Mutational analysis of tumors is becoming an important factor in the clinical care of cancer patients. Drug selection is often determined by the presence or absence of a particular genetic mutation. For example, breast cancer patients with tumors overexpressing the ERRB2 cell surface growth factor receptor have improved responses to targeted therapy with trastuzumab [1
Although imaging-guided core needle biopsy has become the accepted minimally invasive technique for histopathologic diagnosis, it is uncertain whether core needle biopsy yields sufficient and reliable material for mutational analysis. Ellis et al. [8
] reported that in breast tissue, single-pass core biopsy with a 14-gauge needle yielded a median of 1.34 μg of total RNA, sufficiently greater than the 1 μg of RNA required for microarray analysis. In that study, core needle biopsy yielded suitable material for RNA analysis 93% of the time. In a study of core biopsy of the breast [9
], sufficient material was obtained in only 75% of cases. All of the biopsies in those two studies were performed with relatively larger-gauge needles than are used in biopsy of tissue other than breast. Chen et al. [6
], however, found it possible to perform EGFR
mutational analysis of lung cancer with three cores obtained with an 18-gauge core biopsy needle. However, their results were not validated with the reference standard surgical specimen.
Another challenge at imaging-guided core needle biopsy is the risk of sampling error, which occurs when a tumor is composed of distinct cell populations. Needle biopsy sampling error in standard pathologic analysis has been reported [10
], showing that different parts of a tumor can have different genetic expressions.
In this study, we prospectively compared the results of mutational analysis of specimens obtained from lung cancer patients at imaging-guided 18- and 20-gauge core needle biopsy with the results of analysis of specimens obtained at surgical resection. There was 100% agreement (16 of 16 cases) in mutational analysis results for the two types of specimens when satisfactory material was present. Although the study had a relatively small sample size, the data suggest that imaging-guided core biopsy can be used reliably to obtain molecular information for guiding therapy, even when thin needles (18- or 20-gauge) are used. The needle samples in our study contained approximately 2 μg of material, which is satisfactory for analysis. Although other investigators [8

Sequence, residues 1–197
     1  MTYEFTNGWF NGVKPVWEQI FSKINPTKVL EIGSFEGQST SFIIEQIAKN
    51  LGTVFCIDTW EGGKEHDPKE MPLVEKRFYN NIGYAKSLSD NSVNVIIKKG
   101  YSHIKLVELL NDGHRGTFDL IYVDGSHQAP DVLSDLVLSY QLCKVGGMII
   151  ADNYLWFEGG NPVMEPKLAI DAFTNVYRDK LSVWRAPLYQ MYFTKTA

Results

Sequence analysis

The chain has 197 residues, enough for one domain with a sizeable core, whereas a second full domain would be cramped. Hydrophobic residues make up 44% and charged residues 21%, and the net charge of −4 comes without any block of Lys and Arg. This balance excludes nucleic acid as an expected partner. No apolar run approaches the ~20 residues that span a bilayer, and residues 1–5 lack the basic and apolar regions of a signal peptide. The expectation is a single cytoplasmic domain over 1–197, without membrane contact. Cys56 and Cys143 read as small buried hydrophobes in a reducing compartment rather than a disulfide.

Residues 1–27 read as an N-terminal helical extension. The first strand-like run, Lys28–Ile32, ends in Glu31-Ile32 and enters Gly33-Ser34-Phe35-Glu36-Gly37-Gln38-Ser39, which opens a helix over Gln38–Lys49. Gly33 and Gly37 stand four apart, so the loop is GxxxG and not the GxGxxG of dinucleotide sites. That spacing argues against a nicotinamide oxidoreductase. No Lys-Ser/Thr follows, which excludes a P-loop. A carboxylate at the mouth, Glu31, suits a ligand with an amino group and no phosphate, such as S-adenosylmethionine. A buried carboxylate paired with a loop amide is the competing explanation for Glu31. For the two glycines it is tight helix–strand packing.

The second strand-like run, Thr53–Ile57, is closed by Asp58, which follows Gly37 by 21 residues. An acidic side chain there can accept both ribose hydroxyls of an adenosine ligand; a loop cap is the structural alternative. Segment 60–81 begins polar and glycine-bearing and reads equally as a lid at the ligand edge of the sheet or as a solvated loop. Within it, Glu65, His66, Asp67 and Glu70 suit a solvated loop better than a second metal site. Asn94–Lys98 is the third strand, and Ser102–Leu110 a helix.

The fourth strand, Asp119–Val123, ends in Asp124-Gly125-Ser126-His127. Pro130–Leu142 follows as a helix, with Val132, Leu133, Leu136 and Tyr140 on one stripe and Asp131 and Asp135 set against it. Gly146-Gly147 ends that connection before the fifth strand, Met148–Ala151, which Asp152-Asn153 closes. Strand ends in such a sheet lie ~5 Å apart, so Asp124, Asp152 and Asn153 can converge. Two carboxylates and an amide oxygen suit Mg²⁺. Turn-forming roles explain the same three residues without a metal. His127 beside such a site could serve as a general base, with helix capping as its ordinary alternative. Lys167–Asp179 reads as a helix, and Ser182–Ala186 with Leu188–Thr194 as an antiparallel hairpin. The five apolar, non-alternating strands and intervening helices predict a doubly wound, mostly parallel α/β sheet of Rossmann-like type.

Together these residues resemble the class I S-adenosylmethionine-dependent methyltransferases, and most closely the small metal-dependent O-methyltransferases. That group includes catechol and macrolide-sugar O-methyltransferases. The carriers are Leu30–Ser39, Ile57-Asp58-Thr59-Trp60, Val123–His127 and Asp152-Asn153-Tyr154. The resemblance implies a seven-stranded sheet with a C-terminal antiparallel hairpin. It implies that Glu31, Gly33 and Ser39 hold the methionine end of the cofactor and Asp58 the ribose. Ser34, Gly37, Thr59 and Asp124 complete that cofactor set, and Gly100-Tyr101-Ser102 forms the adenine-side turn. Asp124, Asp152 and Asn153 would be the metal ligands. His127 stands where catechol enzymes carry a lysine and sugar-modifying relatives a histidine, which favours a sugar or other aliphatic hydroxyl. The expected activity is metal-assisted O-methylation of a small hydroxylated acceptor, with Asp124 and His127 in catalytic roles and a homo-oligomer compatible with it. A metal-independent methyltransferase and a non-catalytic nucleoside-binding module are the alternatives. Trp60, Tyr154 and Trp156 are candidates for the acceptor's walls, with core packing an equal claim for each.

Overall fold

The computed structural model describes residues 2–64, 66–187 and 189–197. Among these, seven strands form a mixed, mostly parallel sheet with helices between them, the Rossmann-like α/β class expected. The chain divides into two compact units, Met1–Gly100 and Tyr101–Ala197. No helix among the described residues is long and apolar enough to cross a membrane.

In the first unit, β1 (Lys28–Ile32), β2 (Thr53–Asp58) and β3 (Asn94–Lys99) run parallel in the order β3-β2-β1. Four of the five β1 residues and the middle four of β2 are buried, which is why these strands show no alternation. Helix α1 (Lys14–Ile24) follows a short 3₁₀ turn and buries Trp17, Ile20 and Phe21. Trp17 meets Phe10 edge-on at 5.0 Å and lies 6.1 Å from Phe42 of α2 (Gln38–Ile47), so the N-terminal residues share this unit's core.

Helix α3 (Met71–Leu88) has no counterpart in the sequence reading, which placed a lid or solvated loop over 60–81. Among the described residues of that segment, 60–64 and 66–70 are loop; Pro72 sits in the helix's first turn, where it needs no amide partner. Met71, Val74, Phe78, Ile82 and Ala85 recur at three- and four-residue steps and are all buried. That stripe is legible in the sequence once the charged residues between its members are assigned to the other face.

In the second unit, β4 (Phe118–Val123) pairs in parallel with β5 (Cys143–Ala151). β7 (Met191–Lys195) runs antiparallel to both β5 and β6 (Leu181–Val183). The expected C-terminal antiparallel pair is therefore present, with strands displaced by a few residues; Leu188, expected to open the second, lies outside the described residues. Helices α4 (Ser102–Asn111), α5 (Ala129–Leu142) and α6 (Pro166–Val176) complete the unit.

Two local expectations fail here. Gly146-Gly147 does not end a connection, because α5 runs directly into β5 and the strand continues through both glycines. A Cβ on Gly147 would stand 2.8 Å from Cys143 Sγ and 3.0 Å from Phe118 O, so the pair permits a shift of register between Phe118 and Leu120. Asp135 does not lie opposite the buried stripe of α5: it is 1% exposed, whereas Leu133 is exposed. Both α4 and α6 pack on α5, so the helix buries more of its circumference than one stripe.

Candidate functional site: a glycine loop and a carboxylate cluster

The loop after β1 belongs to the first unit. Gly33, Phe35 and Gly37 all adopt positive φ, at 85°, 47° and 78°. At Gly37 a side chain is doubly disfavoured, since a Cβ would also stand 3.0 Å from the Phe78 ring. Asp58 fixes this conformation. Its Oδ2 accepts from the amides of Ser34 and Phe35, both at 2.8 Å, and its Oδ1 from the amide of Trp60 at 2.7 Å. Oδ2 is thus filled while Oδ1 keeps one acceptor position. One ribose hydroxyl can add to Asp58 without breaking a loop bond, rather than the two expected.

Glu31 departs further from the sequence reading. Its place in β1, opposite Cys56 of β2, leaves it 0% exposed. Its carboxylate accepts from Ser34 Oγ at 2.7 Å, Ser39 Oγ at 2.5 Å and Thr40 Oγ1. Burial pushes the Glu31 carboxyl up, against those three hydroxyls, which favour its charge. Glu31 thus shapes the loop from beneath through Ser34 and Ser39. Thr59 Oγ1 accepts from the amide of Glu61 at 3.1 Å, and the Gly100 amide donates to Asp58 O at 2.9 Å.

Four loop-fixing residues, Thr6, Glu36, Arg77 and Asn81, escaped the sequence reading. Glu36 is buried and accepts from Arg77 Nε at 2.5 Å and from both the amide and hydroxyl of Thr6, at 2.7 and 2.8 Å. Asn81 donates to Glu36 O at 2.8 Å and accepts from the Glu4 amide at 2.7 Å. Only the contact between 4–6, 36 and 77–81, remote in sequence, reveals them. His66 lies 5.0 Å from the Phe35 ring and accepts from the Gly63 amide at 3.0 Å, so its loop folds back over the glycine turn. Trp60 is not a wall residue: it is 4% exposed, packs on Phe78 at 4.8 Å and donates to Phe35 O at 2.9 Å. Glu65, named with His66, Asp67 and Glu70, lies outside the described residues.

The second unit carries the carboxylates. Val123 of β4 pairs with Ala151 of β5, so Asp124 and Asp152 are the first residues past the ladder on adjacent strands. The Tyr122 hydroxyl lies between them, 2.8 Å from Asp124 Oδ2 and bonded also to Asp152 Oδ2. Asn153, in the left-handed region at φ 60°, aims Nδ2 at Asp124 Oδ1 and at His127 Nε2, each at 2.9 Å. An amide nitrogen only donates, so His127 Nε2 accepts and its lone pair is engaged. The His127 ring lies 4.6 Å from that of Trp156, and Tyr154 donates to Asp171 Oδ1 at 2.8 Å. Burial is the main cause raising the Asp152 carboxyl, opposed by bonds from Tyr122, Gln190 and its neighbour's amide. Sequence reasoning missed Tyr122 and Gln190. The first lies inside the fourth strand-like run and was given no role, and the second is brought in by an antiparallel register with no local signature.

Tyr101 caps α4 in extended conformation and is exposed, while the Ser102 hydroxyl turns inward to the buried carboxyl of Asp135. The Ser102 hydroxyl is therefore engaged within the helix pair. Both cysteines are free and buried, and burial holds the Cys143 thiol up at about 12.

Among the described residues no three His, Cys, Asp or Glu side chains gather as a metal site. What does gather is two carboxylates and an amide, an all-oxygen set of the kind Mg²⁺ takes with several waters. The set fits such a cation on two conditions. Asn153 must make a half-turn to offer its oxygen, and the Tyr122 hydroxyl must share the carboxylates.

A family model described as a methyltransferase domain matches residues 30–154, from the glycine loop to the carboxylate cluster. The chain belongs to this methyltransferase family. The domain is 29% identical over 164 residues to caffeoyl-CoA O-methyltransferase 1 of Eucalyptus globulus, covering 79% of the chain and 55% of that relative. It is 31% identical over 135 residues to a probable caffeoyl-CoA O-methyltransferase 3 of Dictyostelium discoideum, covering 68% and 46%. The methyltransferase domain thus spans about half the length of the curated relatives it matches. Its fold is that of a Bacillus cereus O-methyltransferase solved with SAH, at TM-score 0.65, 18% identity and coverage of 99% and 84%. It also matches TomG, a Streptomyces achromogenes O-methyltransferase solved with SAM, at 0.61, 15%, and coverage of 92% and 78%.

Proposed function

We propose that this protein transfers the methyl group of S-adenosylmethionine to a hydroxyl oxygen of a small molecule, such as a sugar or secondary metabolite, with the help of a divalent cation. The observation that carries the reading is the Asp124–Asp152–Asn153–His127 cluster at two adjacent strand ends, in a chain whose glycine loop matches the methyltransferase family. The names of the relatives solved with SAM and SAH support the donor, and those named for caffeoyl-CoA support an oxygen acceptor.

] found high correlation using 14-gauge breast biopsy needles, the results of our study suggest broader applicability of core needle biopsy to tissue other than breast.
That there was complete agreement in our specimens suggests that the EGFR
mutation, believed to be an early event in the types of lung cancer studied, is not subject to substantial intratumor heterogeneity. This consistency is similar to breast tumor ERRB2
] and is in contrast to the heterogeneity of estrogen and progesterone receptors [12
Two of 18 specimens (11.1%) in this study were unsatisfactory for analysis. A number of explanations for unsatisfactory biopsy are possible. The two unsatisfactory specimens in our study were obtained with fluoroscopic guidance, and the lower tissue resolution of fluoroscopy than of CT may lead to uncertainty in needle tip localization. CT has greater tissue contrast resolution, and the 3D capability of the technique can increase confidence in needle placement [13
]. On-site cytologic inspection is another factor in higher success rates of diagnostic biopsy [14
] and may aid in additional yield of mutational analysis specimens.
This study was limited by its small sample size and focus on limited mutational analysis. Nevertheless, the 100% agreement with surgical specimens when adequate material was available suggests that core needle biopsy can yield sufficient and reliable samples for mutational analysis. In addition, the study sample consisted mainly of patients with adenocarcinoma because this tumor occurs more frequently in patients with a limited smoking history, which was one of the inclusion criteria for the study from which the patient sample was drawn. It is unlikely that this factor affected the results.
The ability to gain accurate mutational information from needle biopsy specimens is an important realization. With this understanding, the importance of needle biopsy is likely to increase with development of pharmacotherapy based on the genetic makeup of individual tumors rather than on morphologic histologic features alone.